If you’re a business owner, it’s important to know the basics of Intellectual Property Law. This will help protect your ideas and inventions from being stolen or copied. In this post, we’ll discuss the most common types of intellectual property protection _ copyrights, trademarks, and patents _ and when you should use them. powerpacplus.org also covers some of the basic concepts of intellectual property law, so you can be better informed about how it applies to your commerce.
What is Intellectual Property Law?
Intellectual property law is a broad term for the collection of intangible assets owned and legally protected by a company or individual from unauthorized use or implementation. An intangible asset is a non-physical asset owned by a company or individual. It is one of the areas of commercial law
The concept of intellectual property refers to the idea that certain products of human intellect should be protected in the same way that physical property, also known as tangible assets, is. The majority of developed economies have legal safeguards in place to protect both types of property.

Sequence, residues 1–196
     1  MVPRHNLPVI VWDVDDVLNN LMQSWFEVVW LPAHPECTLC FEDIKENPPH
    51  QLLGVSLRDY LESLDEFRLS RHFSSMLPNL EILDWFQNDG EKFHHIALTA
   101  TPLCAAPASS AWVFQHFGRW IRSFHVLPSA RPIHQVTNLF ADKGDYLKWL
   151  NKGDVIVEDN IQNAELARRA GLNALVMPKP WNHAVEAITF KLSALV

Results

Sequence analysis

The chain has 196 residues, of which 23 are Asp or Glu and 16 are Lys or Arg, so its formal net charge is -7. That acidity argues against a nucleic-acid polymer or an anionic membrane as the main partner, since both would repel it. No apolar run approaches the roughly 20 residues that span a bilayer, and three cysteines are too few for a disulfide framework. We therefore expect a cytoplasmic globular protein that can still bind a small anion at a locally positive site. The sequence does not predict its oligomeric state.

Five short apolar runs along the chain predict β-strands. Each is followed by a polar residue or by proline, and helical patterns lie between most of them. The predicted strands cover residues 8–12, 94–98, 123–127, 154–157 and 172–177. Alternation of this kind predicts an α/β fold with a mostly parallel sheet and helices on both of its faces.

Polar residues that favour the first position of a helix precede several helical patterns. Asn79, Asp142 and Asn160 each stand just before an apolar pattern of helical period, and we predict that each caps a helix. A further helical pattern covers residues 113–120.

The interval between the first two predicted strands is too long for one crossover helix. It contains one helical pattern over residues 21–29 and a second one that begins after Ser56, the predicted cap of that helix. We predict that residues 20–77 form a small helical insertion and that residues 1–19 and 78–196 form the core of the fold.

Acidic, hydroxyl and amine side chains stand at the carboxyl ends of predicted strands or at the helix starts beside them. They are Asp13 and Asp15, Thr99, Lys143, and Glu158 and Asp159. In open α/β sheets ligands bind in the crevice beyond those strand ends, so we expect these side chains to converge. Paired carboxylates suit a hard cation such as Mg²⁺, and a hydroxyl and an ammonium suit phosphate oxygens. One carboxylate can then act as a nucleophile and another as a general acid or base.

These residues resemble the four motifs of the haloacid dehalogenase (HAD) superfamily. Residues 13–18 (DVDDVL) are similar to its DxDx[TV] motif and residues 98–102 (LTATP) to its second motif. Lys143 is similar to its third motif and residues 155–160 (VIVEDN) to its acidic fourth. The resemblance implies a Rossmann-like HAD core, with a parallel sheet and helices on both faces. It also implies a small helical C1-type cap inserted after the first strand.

Type of Intellectual Property Law
Intellectual property can include a variety of intangibles, some of which are listed below.
A patent is a property right granted to an investor by a government agency such as the United States Patent and Trademark Office. The patent gives the inventor exclusive rights to his or her invention, which could be a design, process, improvement, or physical invention such as a machine. Patents for designs are frequently held by technology and software companies. For example, Steve Jobs and three other Apple Inc. colleagues filed the patent for the personal computer in 1980.
Authors and creators of original material have the exclusive right to use, copy, or duplicate their work under copyright. Authors of books, as well as musicians, have copyrighted works. A copyright also states that the original creators can grant anyone permission to use the work through a licensing agreement.
A trademark is a recognizable symbol, phrase, or insignia that represents a product and legally distinguishes it from other products. A trademark is assigned to a company exclusively, which means that the company owns the trademark and no one else may use or copy it.
A trademark is frequently linked to a company’s brand. The Coca-Cola Company, for example, owns the logo and brand name “Coca Cola” (KO).
A franchise is a license that a company, individual, or party–referred to as the franchisee–purchases that allows them to use the name, trademark, proprietary knowledge, and processes of another company–the franchisor.
The store or franchise is typically operated by a small business owner or entrepreneur. The franchisee is authorized to sell a product or provide a service in the company’s name. In exchange, the franchisee pays the franchisor a start-up fee as well as ongoing licensing fees. United Parcel Service (UPS) and McDonald’s Corporation are two companies that use the franchise sale model (MCD).